In Brief

In Brief – Autumn 2023

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In Brief

In Brief – Autumn 2023

A look at recent news from the Franciscan University community.

Autumn 2023

In This Article

Record Enrollment Prompts New Student Residence

The largest incoming class in Franciscan University’s history—over 770 students—was welcomed to campus this fall with the enthusiastic cheers of fellow students. Their infectious joy helps explain why Franciscan continues its seven-year streak of record-breaking enrollment.

Since 2016, overall enrollment, undergraduate enrollment, and on-campus enrollment have broken records. This year, the largest freshman class of over 650, as well as over 120 transfer students, brings the total number of students enrolled on campus and online to more than 3,800. In addition, the Study Abroad Program in Gaming, Austria, hit maximum capacity with 229 students. With 818 graduates last year—a 30 percent increase over just three years—Franciscan is launching more joyful disciples into the world than ever before.

Anticipating the number of on-campus students to top 2,500 this year, the University purchased the nearby Sleep Inn and Suites on July 20 and in five weeks transformed it into a new men’s residence named Blessed Solanus Casey Hall. With 140 students already settled in, it offers Franciscan’s unique residential experience, including its own chaplains, Residence Life staff, and households.

“We could not be more excited about the opening of Blessed Solanus Casey Hall,” said President Father Dave Pivonka, TOR ’89. “For us, this is not only another significant milestone as we continue to expand and educate more students. It is a sign of the Lord’s blessing and young people’s deepening desire for the values of community, encounter, and conversion that permeate Franciscan.”

Blessed Solanus Casey Hall includes a grotto dedicated to Blessed Mother Mary, larger student rooms, private bathrooms, and unique amenities such as a turf field, fire pits, exercise and weight room, hammock village, and grab-and-go food service. Plans are also underway for a future pickleball court, expanded patio, and event space. When completed, the new outdoor facilities will be open to all Franciscan students.

Heavenly Coach of Steubenville’s new “Baron Express” shuttle and a new well-lighted sidewalk connect Casey Hall to the upper campus. Christ the King Chapel is a short, 10-minute walk.

Blessed Solanus Casey, who died in Detroit, Michigan, in 1957 and is one step away from being canonized a saint, was a Franciscan friar with the Order of Friars Minor Capuchin.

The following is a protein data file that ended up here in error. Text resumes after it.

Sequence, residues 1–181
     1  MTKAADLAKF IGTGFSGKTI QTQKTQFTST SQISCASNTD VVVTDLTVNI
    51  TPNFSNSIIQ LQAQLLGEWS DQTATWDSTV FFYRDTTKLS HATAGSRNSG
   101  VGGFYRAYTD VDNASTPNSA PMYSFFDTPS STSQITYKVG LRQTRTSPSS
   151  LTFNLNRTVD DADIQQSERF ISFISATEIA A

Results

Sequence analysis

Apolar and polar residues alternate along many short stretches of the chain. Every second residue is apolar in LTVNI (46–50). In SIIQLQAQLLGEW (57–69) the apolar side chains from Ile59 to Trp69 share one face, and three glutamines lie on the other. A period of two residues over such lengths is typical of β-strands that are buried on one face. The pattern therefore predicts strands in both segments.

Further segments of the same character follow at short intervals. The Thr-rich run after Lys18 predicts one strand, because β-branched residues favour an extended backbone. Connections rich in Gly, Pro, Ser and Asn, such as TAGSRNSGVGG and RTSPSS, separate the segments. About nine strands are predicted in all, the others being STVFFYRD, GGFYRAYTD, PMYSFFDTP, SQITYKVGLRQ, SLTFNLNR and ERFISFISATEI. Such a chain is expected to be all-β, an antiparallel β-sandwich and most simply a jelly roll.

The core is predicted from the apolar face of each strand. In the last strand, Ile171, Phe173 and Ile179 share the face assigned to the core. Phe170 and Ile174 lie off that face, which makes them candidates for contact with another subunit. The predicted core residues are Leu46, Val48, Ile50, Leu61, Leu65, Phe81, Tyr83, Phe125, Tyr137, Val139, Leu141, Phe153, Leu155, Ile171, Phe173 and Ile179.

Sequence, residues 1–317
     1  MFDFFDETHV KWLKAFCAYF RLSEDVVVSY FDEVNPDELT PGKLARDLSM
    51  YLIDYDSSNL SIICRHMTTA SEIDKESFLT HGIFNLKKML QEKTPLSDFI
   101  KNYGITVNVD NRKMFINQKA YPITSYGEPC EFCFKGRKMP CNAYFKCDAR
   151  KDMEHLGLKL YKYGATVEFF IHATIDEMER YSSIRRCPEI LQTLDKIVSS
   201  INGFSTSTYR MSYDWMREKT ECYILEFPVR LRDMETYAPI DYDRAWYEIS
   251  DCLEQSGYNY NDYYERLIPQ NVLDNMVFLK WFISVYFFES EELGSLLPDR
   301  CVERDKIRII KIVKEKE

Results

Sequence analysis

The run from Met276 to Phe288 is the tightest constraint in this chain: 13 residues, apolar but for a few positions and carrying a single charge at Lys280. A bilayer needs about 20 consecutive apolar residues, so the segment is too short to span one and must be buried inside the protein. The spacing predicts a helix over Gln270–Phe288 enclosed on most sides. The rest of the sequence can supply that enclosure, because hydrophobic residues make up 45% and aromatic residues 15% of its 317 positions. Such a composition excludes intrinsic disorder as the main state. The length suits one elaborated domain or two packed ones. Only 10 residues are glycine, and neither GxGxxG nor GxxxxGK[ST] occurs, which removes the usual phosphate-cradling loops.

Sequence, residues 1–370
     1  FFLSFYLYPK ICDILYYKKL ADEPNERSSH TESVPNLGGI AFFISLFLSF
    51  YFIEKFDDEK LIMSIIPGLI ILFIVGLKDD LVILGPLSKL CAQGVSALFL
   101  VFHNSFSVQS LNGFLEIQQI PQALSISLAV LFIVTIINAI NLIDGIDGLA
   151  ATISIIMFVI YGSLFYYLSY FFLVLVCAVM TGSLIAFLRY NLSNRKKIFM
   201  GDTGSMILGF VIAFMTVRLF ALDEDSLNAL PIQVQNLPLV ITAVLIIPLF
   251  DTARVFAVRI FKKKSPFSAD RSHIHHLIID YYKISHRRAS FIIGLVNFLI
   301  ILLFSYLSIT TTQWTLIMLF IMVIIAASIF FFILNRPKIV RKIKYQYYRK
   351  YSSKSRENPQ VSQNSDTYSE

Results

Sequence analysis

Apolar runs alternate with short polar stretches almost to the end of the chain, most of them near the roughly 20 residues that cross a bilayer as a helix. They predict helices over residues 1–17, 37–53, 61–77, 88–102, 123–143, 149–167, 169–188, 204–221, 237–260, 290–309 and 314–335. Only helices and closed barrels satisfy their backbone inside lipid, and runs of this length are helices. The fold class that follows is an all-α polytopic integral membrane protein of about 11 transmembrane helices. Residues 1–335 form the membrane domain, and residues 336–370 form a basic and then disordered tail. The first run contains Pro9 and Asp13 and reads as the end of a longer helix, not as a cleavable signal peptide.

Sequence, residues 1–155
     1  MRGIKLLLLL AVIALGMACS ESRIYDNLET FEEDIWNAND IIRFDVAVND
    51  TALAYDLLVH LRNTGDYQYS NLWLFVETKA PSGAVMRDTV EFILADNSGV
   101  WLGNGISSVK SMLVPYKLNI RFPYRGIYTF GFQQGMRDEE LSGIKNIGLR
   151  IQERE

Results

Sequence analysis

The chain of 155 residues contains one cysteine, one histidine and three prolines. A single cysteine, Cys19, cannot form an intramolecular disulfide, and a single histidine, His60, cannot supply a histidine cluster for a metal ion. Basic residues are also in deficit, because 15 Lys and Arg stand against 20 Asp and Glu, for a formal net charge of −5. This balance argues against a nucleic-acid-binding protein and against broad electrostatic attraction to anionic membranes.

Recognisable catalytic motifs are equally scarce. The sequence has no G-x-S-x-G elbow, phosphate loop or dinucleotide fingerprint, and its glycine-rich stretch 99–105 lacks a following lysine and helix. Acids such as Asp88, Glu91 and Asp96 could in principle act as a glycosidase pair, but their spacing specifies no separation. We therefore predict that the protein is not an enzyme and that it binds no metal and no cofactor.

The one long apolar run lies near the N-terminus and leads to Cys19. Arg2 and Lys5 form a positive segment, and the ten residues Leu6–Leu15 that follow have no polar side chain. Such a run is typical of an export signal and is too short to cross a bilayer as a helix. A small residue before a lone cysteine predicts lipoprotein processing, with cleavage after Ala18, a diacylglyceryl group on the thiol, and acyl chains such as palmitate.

“Naming the new residence after Blessed Solanus Casey has a special significance for us as a Franciscan community,” said Father Dave. “His example of simplicity and humble service is something we should all follow.”

From hotel to residence: Blessed Solanus Casey Hall opens to house 140 men in fall 2023.


Welcoming New Trustees

Franciscan University recently welcomed six new members to its distinguished Board of Trustees.

Immaculée Ilibagiza is a survivor of the 1994 Rwandan genocide that killed nearly one million of her fellow Tutsis, including most of her own family. Today, she is a world-renowned Catholic speaker, spreading a message of hope and forgiveness. She is the author of seven books, including the New York Times bestseller Left to Tell. She and her husband have two children who chose to study at Franciscan, a 2021 alumna and a current student.

Dr. Daniel McMahon is a pediatric urologist and director of pediatric urology at the Akron Children’s Hospital in Akron, Ohio. A graduate of The Ohio State University College of Medicine, McMahon is an active member of Legatus, LifeWorks Ohio, and Young Catholic Professionals of Cleveland. He and his wife, Nancy, have six children.

Ron Riggins is the co-founder, president, and managing director of Present Financial. He established Franciscan University’s Harvest Is Abundant Scholarship Fund for men discerning the priesthood and joined multiple Franciscan pilgrimages, including to Rome and the Holy Land. He lives in McLean, Virginia, with his wife, Teresa; the couple has three children and three grandchildren.

Franciscan alumnus Dr. John Rodriguez ’92 is an accomplished radiologist who earned his MD at the University of Miami School of Medicine and began practicing radiology in 2001. Currently, he serves as a diplomat of the American Board of Radiology and on the Certification Board of Nuclear Cardiology. Married with three daughters, he is fluent in Portuguese and Spanish and is an avid private pilot.